WAFER SIZE (IN DIAMETER MM AND APPROX. INCHES) Thickness Year Weight Die/wafer (100mm2)
25 mm (1”) 1960
51 mm (2”) 275 μm 1969 9
76 mm (3”) 375 μm 1972 29
100 mm (4”) 525 μm 1976 10 g 56
125 mm (4.9”) 625 μm 1981 95
150 mm (6″) 675 μm 1983 144
200 mm (8″) 725 μm 1992 53 g 269
300 mm (12″) 775 μm 1999 125 g 640
450mm (17.7”) (proposed) 925 μm 342 g 1490
675 mm (26.6”) (theoretical) A stranger A stranger 3427

Currently, cutting-edge fabs use 300mm diameter wafers , 11.8″, although it is usually rounded and called 12-inch. Also years ago the use of 450mm was proposed, but this diameter has not been chosen because the advantages are not great enough with respect to 300mm to justify the expense to adapt all the machinery to this diameter.

In the last column you have the approximate number of chips that can be produced in a wafer of that size if we take into account that the chip is 100 square mm. However, 100 is a small value for the most advanced chips, such as the CPU or GPU, since, for example, the NVIDIA GeForce RTX 4090 has a size of 608 mm², and a 13th Gen Intel Core reaches 257 mm². Therefore, for CPUs an amount of 300 chips per wafer would be estimated, while for GPUs considering this size, it would be around 100 units.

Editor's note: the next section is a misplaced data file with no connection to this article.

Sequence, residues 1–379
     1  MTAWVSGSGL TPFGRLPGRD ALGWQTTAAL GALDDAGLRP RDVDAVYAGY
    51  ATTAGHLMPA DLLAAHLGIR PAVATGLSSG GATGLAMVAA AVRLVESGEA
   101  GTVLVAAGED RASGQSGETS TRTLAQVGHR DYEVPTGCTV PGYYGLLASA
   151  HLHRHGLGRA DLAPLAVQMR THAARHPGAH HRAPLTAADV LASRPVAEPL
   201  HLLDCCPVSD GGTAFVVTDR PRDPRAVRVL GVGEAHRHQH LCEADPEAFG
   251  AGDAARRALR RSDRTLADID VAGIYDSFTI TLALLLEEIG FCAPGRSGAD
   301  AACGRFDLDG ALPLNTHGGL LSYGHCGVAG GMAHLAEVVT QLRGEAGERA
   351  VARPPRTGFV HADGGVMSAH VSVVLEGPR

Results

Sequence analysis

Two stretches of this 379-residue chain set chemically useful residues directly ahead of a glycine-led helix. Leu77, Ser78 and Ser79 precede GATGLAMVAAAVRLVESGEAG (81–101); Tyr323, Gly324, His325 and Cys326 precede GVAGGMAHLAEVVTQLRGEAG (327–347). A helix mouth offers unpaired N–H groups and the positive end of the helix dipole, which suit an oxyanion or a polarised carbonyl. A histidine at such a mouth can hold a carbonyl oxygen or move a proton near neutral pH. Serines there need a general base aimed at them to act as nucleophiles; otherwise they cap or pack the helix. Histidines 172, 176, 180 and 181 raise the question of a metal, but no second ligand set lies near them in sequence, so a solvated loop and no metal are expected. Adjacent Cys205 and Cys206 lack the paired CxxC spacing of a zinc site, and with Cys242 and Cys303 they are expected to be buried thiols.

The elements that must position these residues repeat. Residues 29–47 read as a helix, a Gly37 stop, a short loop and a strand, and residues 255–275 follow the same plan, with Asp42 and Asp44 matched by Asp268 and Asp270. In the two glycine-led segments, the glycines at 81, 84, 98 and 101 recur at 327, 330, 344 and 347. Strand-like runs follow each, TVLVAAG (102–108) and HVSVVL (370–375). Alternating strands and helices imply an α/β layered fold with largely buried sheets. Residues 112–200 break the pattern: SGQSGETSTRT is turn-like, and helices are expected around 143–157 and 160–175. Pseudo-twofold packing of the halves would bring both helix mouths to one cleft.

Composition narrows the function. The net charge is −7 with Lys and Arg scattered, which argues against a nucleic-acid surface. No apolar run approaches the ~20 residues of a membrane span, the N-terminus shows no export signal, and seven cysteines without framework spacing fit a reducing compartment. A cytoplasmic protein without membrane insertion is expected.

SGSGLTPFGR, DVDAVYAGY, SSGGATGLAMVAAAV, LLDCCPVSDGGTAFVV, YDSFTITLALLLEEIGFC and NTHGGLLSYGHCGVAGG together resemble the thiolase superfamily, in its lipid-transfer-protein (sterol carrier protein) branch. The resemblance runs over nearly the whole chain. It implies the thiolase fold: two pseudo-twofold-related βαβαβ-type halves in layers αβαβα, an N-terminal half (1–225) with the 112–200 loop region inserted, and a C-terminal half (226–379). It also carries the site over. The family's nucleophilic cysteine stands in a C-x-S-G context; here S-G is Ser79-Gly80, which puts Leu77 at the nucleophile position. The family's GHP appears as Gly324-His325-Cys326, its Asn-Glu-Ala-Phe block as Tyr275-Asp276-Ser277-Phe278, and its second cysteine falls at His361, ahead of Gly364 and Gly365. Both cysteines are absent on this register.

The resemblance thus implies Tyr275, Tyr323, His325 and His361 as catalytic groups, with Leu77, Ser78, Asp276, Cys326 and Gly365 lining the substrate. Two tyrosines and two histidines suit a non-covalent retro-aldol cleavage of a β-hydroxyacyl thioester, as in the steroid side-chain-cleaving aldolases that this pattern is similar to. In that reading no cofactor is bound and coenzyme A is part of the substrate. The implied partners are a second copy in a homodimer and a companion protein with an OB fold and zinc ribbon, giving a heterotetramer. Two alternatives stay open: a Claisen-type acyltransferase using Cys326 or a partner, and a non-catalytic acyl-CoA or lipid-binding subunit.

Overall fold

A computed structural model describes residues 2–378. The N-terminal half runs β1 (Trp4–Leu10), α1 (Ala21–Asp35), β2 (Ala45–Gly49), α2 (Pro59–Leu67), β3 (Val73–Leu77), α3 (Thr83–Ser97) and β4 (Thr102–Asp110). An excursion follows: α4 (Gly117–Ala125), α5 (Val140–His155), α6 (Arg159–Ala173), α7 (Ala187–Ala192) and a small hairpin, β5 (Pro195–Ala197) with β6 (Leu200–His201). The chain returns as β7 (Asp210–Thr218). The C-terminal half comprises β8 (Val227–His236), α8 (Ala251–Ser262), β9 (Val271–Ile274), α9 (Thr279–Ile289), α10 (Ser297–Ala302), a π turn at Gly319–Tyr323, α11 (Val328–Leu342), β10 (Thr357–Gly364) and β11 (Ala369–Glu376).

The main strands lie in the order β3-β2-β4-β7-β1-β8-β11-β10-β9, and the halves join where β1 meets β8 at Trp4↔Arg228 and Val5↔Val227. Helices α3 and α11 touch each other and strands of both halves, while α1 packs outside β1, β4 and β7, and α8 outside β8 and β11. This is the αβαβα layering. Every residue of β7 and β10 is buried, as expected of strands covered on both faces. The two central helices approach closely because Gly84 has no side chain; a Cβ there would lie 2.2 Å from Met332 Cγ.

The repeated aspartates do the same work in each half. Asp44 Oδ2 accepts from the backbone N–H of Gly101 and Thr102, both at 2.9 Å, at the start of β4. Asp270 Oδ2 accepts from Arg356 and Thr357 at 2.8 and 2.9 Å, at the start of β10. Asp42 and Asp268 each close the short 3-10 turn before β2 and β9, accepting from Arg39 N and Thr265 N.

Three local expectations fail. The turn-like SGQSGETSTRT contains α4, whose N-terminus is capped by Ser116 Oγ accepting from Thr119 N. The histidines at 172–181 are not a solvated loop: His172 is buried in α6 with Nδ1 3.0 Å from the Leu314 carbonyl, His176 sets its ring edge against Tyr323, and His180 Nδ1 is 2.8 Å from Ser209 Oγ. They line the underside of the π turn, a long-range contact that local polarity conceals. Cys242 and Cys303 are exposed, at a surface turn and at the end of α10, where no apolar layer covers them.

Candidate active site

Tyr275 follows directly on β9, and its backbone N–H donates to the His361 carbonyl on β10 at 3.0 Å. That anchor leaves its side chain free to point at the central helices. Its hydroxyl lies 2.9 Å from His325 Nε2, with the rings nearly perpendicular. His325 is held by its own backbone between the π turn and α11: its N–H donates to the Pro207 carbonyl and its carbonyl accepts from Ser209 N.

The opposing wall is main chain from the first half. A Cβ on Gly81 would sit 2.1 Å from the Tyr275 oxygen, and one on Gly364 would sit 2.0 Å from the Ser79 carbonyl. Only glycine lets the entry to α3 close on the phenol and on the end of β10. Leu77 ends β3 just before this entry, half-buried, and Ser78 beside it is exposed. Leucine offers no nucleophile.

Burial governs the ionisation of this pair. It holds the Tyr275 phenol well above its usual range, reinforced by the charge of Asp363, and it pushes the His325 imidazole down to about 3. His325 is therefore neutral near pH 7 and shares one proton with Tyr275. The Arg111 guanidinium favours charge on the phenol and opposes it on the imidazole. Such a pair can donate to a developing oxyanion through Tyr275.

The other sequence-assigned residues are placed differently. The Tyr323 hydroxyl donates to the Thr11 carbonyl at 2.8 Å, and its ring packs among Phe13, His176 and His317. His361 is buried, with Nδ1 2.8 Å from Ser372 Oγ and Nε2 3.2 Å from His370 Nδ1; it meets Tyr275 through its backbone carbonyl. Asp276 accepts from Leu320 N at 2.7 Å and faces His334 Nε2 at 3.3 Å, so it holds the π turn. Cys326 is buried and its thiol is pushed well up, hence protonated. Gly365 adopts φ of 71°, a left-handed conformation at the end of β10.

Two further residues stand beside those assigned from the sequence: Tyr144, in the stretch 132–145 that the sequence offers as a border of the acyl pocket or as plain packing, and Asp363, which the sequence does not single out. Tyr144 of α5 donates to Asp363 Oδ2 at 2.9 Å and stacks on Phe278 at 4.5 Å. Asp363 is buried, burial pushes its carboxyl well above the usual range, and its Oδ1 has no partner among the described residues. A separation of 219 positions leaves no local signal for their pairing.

Parts of a wafer

Next we are going to see some of the parts and functions of a wafer:

  • Edge die: these chips are not complete, they are the ones on the edge of the wafer, and are considered a loss of production. The larger the wafer, the less loss they have from this problem.
  • Scribe lines: they are lines of drawing, the lines that there are of space between the different chips. These parts are used to pass the saw or chip separation method and do not damage functional parts.
  • Chip or die– May also be called a dice, die, etc. This is the integrated circuit itself.
  • Chamfer or flat zone: some wafers have a chamfered edge, that is, flat. This cut is made to determine the orientation of the crystalline structure of the silicon from which the wafer is made. However, this is no longer commonly used today.
  • TEG (Test Element Group): this is an integrated circuit different from the one that is intended to be manufactured on the wafer, and which is usually in several units per wafer, distributed along the surface. These chips are used to perform tests and verify that everything works properly, although they will then be discarded and only the rest of the functional chips will be left.